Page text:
Sometimes doctors use a template (or grid) with lots of holes over your perineum and guide the needle through the template. They then take between 20 to 30 samples. This is called a transperineal template biopsy. 

Having a transperineal template biopsy usually takes about 30 to 45 minutes.

After the biopsy

You can usually go home the same day or the day after.

You need to be in hospital for at least a few hours after a general anaesthetic until you have fully recovered. This normally means until you have had something to eat and drink and passed urine normally. The team looking after you make sure any pain is under control before you go.

You stay in hospital for longer if you have a general anaesthetic.

You can’t drive home if you have had a general anaesthetic because it takes some time to fully recover from the anaesthetic.

It’s important to drink a lot of fluids for the next 24 hours.

Possible risks

Transperineal biopsies are safe tests but there are some possible risks. These might include:

  • bleeding
  • infection
  • pain
  • difficulty passing urine

Drinking plenty of fluids flushes out the blood and helps to stop you from getting any infection. Contact your doctor straight away or go to the accident and emergency department (A&E) if you have signs of infection, such as:

  • a high temperature
  • difficulty passing urine
  • a need to pass urine very often
  • a lot of blood in your urine or poo
  • shivering or shaking

You need to have antibiotics straight away if you have an infection.

Getting your results

You won’t get any results at the time of the biopsy. The prostate tissue samples are sent to the laboratory to be looked at under the microscope. You should get your results within 2 to 3 weeks.

Waiting for test results can make you feel anxious. Ask your doctor how long it will take to get them. Contact them if you haven’t heard anything after a couple of weeks.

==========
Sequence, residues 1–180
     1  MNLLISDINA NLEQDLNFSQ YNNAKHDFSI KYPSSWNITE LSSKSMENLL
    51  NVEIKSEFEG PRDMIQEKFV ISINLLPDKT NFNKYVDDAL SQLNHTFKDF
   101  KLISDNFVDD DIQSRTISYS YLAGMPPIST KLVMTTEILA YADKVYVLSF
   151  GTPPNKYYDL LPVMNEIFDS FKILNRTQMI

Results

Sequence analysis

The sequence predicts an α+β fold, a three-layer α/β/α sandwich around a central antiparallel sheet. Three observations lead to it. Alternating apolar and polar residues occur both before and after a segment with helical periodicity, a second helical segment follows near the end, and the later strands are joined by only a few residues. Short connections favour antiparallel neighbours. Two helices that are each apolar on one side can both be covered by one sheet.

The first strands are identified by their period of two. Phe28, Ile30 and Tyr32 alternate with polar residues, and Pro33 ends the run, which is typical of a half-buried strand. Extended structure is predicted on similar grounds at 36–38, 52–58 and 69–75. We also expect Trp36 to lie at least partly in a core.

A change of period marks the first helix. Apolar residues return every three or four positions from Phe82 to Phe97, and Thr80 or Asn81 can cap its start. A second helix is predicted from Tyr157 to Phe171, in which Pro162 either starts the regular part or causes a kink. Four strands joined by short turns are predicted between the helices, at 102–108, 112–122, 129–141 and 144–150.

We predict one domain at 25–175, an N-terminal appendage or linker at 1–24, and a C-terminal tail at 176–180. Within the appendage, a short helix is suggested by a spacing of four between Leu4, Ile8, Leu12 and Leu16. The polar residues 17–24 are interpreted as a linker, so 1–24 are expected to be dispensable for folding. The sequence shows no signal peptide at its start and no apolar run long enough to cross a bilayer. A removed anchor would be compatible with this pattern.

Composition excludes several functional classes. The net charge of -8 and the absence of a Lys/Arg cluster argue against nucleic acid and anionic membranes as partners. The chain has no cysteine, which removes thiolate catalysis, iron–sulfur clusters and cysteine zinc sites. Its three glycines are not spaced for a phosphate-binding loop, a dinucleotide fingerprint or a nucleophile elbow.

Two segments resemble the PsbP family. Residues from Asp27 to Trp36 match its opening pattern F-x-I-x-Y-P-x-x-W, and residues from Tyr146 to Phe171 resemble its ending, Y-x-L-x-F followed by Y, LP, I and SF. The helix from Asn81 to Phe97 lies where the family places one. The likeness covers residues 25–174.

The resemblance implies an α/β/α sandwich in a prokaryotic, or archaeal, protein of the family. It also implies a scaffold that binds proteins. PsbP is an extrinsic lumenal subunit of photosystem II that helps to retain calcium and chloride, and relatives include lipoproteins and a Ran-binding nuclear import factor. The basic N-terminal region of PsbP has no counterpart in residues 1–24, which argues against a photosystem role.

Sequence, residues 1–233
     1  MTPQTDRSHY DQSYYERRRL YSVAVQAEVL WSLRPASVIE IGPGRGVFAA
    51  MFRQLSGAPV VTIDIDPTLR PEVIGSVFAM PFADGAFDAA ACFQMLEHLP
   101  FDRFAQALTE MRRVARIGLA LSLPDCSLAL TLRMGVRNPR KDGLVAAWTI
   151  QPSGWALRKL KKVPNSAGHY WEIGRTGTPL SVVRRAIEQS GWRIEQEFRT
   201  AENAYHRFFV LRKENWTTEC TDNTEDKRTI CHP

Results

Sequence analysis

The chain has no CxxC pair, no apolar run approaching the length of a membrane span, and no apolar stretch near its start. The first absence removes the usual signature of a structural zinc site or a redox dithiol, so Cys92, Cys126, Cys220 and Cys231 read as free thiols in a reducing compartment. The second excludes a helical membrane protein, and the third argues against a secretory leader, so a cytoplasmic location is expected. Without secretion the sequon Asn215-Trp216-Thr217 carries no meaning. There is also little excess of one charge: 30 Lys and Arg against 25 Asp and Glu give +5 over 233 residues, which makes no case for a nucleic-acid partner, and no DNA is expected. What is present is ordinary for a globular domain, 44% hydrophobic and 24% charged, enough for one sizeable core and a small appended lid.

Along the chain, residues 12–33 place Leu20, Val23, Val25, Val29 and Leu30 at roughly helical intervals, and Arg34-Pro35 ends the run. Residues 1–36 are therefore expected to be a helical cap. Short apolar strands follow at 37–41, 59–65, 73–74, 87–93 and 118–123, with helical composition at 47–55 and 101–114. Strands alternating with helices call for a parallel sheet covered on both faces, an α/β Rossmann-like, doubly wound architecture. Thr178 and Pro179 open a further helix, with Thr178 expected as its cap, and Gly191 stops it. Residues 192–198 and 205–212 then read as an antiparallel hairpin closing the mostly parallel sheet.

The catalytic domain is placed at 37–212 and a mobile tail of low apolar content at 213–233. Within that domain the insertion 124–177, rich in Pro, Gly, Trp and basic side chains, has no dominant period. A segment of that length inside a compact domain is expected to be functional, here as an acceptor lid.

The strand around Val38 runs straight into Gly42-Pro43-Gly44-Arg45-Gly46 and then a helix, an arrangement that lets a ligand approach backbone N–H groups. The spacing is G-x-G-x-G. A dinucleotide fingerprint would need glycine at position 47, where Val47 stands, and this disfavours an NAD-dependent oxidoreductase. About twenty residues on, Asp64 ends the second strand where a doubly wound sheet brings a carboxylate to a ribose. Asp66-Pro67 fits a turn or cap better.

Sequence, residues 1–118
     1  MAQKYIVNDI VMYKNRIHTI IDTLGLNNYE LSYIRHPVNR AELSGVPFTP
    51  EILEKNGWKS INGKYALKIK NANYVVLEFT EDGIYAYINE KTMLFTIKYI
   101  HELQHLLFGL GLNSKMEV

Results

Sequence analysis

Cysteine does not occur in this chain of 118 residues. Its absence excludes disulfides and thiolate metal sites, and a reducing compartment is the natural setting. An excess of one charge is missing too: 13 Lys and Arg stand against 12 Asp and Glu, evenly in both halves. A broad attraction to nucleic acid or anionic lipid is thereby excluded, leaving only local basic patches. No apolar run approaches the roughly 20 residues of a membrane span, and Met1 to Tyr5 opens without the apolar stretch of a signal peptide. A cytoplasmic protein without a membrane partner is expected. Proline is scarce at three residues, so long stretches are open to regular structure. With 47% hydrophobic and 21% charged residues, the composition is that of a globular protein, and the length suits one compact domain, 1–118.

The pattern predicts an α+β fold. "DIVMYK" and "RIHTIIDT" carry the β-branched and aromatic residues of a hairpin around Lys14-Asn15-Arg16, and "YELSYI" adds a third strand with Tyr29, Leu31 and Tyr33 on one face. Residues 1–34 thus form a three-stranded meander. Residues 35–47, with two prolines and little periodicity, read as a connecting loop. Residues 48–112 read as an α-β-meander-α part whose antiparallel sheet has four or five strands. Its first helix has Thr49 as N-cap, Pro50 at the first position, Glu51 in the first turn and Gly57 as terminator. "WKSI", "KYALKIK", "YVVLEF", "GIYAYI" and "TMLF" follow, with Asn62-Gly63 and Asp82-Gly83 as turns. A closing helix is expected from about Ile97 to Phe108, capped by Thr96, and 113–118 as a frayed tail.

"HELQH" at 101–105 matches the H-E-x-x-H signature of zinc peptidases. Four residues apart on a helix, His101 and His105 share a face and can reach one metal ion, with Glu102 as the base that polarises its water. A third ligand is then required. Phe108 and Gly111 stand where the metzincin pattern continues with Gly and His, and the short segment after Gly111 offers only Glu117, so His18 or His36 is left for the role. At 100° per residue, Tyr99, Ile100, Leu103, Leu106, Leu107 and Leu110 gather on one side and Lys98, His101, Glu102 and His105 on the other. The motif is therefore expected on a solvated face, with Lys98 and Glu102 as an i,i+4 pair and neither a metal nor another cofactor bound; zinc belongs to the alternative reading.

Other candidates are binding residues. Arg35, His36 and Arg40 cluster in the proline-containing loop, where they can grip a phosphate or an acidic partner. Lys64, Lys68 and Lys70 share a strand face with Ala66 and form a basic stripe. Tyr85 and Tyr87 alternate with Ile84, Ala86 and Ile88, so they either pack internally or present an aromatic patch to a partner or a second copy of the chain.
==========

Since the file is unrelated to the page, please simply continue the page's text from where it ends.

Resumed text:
You might have contact details for a specialist nurse. You can contact them for information and support if you need to. It might help to talk to a close friend or relative about how you feel.

For support and information, you can call the Cancer Research UK information nurses. They can give advice about who can help you and what kind of support is available. Freephone: 0808 800 4040 - Monday to Friday, 9am to 5pm.
  • Transperineal ultrasound-guided biopsies of the prostate gland. Information about your procedure from The British Association of Urological Surgeons (BAUS)
    The British Association of Urological Surgeons (BAUS), 2021

  • Transperineal prostate biopsy under local anaesthetic. Information for patients
    Oxford University Hospitals NHS Foundation Trust, 2019

  • Transperineal template biopsy and mapping of the prostate
    National Institute for Health and Care Excellence (NICE), 2010

  • 2021 exceptional surveillance of prostate cancer: diagnosis and management (NICE guideline NG131)
    National Institute for Health and Care Excellence (NICE), 2021

  • Comparison of complications after transrectal and transperineal prostate biopsy: a national population based study
    B Berry and others

    BJU International, 2020. Vol 126, Issue 1. Pages 97-103

  • Prostate cancer: diagnosis and management
    National Institute for Health and Care Excellence (NICE), 2019. Last updated December 2021

Last reviewed: 
07 Apr 2022
Next review due: 
07 Apr 2025

Related links